The Department of Foreign Affairs, Trade, and Development (DFATD) recently announced the “Largest Advanced Manufacturing Win in Canada’s History.” A massive contract, valued at roughly $10 billion over 14 years, was awarded to General Dynamics Land Systems-Canada (GDLS) to supply light-armoured vehicles, or LAVs, and associated equipment, training, and support, to Saudi Arabia. GDLS’ LAVs were an important component of Canada’s Afghanistan mission, playing a critical role in safely transporting troops and operating as a versatile multi-role combat vehicle. Saudi Arabia’s procurement of the Canadian-made LAVs began in 2010 as the result of a series of trade missions. The most recent effort is expected to be a boon both for employment “across every region of Canada,” and for expanding the reach and capability of a key defence contractor that Canada currently relies on for some of its own procurement endeavours.
Canadian defence technology and arms exports have been growing steadily over the past several years. The Canadian Association of Defence and Security Industries (CADSI), which represents nearly 1000 companies selling to the defence and public security markets, stated that it is aiming to help its members double their exports over five years, from $6.4 billion to $12 billion by 2016. The vast majority of recipients of Canadian defence exports are other NATO members, but a significant part of the growth in this sector is with non-members. While the economic benefits are clear, many have decried the increase in trade of defence technology, arguing it has led to an erosion of the principles that underpin Canadian Foreign Policy. The government was silent, for example, after the Saudi-owned and operated, Canadian-made, LAVs participated in quashing anti-government protests in Bahrain during the early stages of the Arab Spring. More than 30 protesters were killed, hundreds were wounded, and roughly 3000 were arrested.
Canada currently controls the export of military hardware and arms through the Export Controls List. The Report on Exports of Military Goods from Canada by DFATD claims that “Canada has some of the strongest export controls in the world” and is premised on the idea it “…strives to ensure that Canadian military exports are not prejudicial to peace, security or stability in any region of the world or within any country.” Crucially, one of the main guidelines, mandated by Cabinet, is that sensitive exports are to be strictly controlled when the destination country has a “persistent record of serious violations of the human rights of their citizens, unless it can be demonstrated that there is no reasonable risk that the goods might be used against the civilian population.” Saudi Arabia’s questionable human rights record signals that the interpretation of such risk constitutes an ethical grey area.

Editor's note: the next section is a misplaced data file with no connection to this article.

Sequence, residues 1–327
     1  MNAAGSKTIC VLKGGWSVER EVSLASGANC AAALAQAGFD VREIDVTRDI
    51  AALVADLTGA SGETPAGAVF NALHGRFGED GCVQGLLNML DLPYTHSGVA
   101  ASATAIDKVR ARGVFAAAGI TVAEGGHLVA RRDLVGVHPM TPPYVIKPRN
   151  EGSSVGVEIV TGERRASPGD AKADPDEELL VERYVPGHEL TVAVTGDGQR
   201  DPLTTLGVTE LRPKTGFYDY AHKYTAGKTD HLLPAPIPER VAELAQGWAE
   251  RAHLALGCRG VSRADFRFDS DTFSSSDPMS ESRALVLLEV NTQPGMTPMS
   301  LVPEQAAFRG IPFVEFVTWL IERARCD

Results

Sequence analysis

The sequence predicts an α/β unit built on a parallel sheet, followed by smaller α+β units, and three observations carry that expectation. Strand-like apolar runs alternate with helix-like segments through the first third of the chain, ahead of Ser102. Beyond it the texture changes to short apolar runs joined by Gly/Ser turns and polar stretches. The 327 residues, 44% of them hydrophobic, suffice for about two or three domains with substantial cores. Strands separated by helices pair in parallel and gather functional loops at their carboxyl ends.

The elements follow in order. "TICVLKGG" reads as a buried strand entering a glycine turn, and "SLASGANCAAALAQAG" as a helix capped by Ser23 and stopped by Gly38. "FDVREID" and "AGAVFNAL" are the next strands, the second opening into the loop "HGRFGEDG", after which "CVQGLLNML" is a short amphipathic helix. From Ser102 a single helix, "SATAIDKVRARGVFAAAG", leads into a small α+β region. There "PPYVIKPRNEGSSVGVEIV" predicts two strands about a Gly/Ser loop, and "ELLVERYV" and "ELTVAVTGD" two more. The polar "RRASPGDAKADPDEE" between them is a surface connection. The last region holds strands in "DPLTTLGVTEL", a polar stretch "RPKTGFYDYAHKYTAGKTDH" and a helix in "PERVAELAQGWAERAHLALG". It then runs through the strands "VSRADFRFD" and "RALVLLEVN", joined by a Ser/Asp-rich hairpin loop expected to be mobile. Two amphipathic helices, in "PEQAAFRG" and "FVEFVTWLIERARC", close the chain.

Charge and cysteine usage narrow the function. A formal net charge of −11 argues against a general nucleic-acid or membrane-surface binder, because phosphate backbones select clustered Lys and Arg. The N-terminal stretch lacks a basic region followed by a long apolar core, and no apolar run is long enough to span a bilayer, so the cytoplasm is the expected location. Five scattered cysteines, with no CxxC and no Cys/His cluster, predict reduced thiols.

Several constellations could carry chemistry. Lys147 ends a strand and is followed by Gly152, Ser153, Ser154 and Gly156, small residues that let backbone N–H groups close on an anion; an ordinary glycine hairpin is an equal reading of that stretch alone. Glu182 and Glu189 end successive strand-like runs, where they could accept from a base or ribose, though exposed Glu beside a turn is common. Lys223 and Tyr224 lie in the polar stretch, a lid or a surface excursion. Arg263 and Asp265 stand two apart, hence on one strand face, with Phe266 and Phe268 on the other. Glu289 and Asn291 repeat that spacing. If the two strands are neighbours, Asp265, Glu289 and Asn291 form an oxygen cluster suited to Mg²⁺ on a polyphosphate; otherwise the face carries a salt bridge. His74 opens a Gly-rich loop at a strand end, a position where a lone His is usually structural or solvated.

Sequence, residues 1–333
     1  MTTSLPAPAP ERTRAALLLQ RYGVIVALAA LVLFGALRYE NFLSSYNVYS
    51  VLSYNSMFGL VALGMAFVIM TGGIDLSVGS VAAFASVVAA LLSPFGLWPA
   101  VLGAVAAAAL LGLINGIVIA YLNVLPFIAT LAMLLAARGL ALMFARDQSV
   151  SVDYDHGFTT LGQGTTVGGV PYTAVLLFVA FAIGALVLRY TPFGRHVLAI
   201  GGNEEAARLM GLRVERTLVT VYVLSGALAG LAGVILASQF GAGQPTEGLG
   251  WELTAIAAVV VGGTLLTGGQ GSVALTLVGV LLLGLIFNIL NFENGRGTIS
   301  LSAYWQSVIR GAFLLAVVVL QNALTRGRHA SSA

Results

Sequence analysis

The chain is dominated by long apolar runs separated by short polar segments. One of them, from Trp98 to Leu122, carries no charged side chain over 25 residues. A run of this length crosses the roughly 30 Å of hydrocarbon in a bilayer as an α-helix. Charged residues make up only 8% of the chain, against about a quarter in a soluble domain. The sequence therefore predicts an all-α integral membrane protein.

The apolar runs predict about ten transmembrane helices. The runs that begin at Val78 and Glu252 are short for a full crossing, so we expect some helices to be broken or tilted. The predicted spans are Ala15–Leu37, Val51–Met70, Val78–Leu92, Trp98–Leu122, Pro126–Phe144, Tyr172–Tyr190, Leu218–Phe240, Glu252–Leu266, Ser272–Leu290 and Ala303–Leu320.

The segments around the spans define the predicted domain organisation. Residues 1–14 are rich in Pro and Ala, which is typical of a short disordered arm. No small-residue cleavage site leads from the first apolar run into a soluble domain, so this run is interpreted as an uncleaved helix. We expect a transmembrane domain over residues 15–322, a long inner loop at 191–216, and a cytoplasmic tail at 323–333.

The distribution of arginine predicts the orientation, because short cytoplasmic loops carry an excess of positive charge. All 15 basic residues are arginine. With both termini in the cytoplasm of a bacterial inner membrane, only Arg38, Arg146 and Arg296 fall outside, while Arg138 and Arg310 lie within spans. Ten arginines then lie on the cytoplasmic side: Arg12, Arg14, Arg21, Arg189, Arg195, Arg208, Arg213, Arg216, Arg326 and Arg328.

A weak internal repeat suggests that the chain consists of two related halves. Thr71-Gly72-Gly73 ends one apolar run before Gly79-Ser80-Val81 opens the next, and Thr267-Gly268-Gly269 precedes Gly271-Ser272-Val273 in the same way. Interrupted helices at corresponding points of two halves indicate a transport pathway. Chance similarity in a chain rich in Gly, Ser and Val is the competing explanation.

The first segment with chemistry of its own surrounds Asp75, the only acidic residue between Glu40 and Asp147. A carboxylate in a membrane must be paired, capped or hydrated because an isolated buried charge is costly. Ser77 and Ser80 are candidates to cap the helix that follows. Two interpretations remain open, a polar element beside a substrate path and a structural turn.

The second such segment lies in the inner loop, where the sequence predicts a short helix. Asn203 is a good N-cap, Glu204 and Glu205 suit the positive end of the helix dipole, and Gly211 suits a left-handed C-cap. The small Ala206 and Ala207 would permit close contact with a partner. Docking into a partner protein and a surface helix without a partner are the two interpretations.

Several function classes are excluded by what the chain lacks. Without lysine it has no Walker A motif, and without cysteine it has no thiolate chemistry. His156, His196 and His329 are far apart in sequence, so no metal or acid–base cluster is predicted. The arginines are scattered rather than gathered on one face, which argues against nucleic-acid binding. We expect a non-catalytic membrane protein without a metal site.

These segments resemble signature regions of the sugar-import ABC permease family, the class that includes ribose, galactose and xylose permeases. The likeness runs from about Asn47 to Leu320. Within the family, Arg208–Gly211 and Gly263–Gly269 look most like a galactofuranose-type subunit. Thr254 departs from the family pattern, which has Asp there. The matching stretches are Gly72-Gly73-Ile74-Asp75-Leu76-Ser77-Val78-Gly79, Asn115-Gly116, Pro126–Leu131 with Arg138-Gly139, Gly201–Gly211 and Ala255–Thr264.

Permit authority rests with the Minister of Foreign Affairs. The governing Conservatives have made it a top priority to leverage national defence procurement to prioritize economic benefit, some say making the needs of the armed forces subsidiary to economic considerations. Likewise, the political prioritisation of economic gain can reasonably be said to be colouring the minister’s interpretation of the export control guidelines, as well as the sustained effort to expand economic relations in regions with problematic histories of human rights abuses.
It is also critical to point out that Saudi Arabia is a key strategic ally in the Middle East, cooperating on a variety of Western security initiatives in the region. The expanding defence trade relationship is partly justified for its role in contributing to Saudi Arabia’s capacity to defend itself and to continue to act as a conduit for Western security interests in this volatile region of the world. The tension between these traditional national security interests and the language of human security found in the Export Controls List makes explicit the challenges of expanding the market for defence technology exports in a legitimate way.
International institutionalization and agreement on difficult and ethically charged issues usually goes a long way toward reducing ambiguity where questions of legitimacy are concerned. Canada is a member of the Wassenaar Arrangement, a 41-member institution that promotes regional and international security by encouraging the transparency of national export controls. While important for setting and maintaining normative principles and standards on the traffic of defence technologies, it is a non-binding agreement. A more powerful expression of control over the trade of defence technology is the UN Arms Trade Treaty (ATT). It would legally bind states to monitor arms exports so that they do not cross existing embargoes or end up being implicated in human rights abuses. Participation in this regime helps to establish legitimate trading arrangements because it is multilaterally developed and policed, thus dissolving the grey area encountered in Canada’s current control measures. Despite the fact that the ATT has been signed by numerous countries, including the US, Canada has yet to give its signature.